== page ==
If you're going to take the time to tell followers about what you've done, be sure to show them, too!
On the subject of discoverability and social media, Discord offers a few options for finding servers relevant to users' interests.
Disboard is the public Discord server listing community—a portal for those actively looking to join a community on Discord. Disboard filters user searches via tags based on what they might be looking for.
Using more specific tags warrants a narrow search but offers quality members for your community, which is why it may be to your benefit to include as many tags as you can.
But don't treat this tool as a Google search.
Users won't stop and try different search terms once they reach page 2 like they do with Google. On Disboard, people are more likely to keep browsing through all of the results to find the right server. In addition, Disboard relies more on reviews, ratings, and the presentation of your Discord channel listing.
By adding your server to Disboard, you're not only giving people another outlet to find your Discord channel; you're also creating an opportunity for new players to discover your game—and ultimately click the "Join This Server" button.
Given the isolating circumstances felt worldwide by COVID-19, many people have turned to games to feel connected.
While being socially active and engaged is something gamers are accustomed to, game devs often overlook the importance of staying active and posting frequently.
Gamers read Steam reviews to see if a game has an active player base, and check social media accounts to view historic data indicating a game's activity level.
Whether it's announcing a giveaway, teaser trailer, new items, game updates, or an upcoming in-game event, continuous conversation informs and provides value to your players.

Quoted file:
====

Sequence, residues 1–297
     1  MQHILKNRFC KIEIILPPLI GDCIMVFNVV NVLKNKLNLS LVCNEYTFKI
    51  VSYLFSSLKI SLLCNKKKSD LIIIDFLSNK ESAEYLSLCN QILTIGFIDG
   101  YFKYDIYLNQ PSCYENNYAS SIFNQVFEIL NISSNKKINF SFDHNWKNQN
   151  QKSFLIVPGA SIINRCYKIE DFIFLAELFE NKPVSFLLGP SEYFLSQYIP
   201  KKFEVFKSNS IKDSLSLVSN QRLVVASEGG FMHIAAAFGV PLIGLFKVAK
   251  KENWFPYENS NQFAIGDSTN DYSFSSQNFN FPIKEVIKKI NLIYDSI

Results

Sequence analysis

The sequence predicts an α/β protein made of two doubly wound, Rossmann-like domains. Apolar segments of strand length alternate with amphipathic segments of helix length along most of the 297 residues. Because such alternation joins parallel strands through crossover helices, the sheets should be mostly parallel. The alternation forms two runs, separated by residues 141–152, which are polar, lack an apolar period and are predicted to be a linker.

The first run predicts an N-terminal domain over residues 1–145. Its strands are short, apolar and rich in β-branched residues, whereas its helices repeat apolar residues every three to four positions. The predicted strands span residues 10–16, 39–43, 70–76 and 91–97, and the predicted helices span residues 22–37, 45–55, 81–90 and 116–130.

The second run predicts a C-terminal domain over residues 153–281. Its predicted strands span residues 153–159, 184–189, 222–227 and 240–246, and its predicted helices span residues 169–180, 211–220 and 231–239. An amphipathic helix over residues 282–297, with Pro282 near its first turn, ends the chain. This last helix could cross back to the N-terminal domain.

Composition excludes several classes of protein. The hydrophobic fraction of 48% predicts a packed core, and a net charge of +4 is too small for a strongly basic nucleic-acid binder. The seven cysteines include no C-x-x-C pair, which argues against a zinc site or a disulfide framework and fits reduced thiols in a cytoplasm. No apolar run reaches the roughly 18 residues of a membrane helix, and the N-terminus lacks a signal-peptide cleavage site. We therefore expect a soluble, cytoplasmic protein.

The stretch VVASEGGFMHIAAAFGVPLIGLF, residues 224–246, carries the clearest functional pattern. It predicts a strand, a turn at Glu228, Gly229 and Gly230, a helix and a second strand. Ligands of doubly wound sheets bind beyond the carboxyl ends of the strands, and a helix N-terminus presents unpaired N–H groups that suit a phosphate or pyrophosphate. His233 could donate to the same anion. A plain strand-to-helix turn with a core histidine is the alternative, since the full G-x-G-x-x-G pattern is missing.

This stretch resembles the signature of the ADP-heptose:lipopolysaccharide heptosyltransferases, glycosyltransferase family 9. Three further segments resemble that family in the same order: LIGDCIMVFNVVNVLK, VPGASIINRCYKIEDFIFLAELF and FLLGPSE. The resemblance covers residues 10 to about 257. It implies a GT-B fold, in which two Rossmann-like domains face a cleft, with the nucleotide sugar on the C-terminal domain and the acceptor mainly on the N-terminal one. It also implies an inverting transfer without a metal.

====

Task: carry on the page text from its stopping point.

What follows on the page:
But social media feeds aren't just meant to be highlight reels; they're an opportunity to build trust and openly communicate with your community.
If a gamer can envision themselves being a part of a game's community, they are more likely to purchase it—a phenomenon I like to call "signs of life."
The most successful devs utilize social media as a platform to not only announce updates and share day-to-day content, but also to address bugs and setbacks with their audience.
These signs of life indicate authenticity and transparency from dev to gamer, thus building player trust, while also helping earn the respect of newcomers.
Your fans inspire you to create. Likewise, your game inspires them to do the same.
Along with posting frequently about your own creations and progress, share content created by your community, too!
Community-created content is free marketing.
Not only that, it will save you time creating content to post on social media—and show your audience appreciation for their efforts.
Remember that community-created content can come in many forms, such as:
...and much more.
Some indie devs like Kindred Games and Thomas Brush even treat Twitch and YouTube as their own interactive devlog platform, offering community members the opportunity to provide immediate input and essentially build the game alongside them.
Whether you RT screenshots, quote game reviews, share fan art, or invite your community to provide real-time feedback, getting players more involved and recognizing their creations and commitment to your project can go a long way in building a loyal following.
Just remember to always credit the source!
At the end of the day, as the creator of your game, you are naturally the best person to present it.
You already know what kind of content your game's community craves, but it's important to learn how to effectively use the tools that will best serve your players, old and new.
Whether you hired someone to fulfill a social media marketing role or you're proud to be on team DIY, remember that social media plays an integral role in ensuring the success of your development work.
Ultimately, social media should complement your development milestones and achievements, not clash with them.